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Gareth Sansom: Transformer

27 Oct 2017
14 Sep - 27 Jan 2018

The Pulitzer Prize-winning critic Sebastian Smee barely got a word in during the Q & A held soon after the opening of Gareth Sansom’s retrospective at the NGV. Sansom, just about the ultimate alpha-male for all of his cross-dressing, entertained the audience with tales of his early cricketing prowess, his father returning home after the war without a limb, his encounters with the last of the Antipodeans and his ill-fated meeting with his artistic hero Francis Bacon while in London in the 1960s. But it was a story he told concerning his painting Sweeney Agonistes (2005), hung in the same room as the talk, that was perhaps the most revealing.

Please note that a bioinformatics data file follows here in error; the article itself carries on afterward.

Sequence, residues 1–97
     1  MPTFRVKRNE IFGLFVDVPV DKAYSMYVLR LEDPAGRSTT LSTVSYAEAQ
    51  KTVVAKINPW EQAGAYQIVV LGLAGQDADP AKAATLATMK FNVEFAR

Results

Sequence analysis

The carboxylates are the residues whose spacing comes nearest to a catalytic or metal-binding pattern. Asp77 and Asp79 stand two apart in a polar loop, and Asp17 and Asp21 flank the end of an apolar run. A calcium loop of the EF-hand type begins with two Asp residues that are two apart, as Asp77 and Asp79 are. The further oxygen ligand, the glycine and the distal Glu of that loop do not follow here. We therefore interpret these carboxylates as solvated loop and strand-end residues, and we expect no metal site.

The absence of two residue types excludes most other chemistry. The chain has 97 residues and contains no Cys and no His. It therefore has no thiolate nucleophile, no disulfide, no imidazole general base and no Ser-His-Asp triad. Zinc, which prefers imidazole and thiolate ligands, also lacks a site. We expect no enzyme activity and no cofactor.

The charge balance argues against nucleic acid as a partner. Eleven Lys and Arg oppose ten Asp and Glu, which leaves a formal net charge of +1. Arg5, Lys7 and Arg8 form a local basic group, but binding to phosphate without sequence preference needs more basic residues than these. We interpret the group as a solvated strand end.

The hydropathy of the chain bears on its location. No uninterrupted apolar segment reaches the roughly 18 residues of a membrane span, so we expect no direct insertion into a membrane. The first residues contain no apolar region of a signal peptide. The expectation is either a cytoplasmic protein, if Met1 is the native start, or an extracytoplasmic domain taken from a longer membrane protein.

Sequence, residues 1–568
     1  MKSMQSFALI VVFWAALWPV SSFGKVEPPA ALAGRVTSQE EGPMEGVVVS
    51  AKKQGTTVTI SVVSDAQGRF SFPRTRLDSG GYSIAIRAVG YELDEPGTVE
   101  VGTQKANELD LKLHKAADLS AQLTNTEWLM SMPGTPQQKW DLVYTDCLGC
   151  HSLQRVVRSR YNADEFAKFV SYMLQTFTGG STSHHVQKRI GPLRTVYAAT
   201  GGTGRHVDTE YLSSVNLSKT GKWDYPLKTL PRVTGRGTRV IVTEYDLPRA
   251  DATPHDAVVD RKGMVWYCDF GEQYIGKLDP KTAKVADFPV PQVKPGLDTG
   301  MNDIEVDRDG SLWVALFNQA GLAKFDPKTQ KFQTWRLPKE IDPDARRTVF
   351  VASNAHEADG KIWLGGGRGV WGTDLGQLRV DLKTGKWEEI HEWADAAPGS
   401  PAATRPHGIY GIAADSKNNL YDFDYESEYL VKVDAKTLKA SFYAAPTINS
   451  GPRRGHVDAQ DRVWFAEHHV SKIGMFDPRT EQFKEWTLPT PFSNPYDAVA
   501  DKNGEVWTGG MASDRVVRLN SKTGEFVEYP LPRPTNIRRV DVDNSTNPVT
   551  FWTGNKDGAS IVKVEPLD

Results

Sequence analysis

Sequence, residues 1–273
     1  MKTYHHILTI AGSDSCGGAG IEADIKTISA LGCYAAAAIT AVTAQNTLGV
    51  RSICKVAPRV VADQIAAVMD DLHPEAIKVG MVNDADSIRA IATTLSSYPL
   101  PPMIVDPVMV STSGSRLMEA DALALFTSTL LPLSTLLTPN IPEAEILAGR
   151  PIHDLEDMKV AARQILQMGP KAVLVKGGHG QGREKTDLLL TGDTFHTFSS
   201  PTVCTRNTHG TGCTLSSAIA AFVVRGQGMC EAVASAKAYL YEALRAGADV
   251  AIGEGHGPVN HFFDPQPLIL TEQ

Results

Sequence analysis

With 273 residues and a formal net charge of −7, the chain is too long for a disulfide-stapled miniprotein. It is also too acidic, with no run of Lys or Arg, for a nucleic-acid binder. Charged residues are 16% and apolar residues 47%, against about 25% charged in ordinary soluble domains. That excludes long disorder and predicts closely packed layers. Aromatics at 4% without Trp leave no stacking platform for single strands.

The work, a triptych, is an allusion, filtered through poetic precedent, to that ill-fated son of the Australian art world, Sweeney Reed, child of Joy Hester and Albert Tucker, adopted by John and Sunday Reed, who became for a while an art dealer before overdosing on pills in 1979. In Sansom’s depiction we have two darkly staring eyes, a cross and the letters INRI that Pontius Pilate inscribed over the head of the crucified Christ. All of this Sansom described to us on the night with pedagogic clarity. But the real revelation was his description of how he came to make the work. In fact, for all of its seeming indifference and cack-handedness, it took him a long time. For a good while, Sansom explained, he had only the central and right-hand-side panels, but after much reflection he decided they didn’t work. Then suddenly – undertaking it in the rather melodramatic words of the painting, “Last New Year’s Eve He Stayed Up Alone Sniffing Amyl” – he realised the answer was another panel to the left. It is only at this point that Sansom felt the painting was complete.

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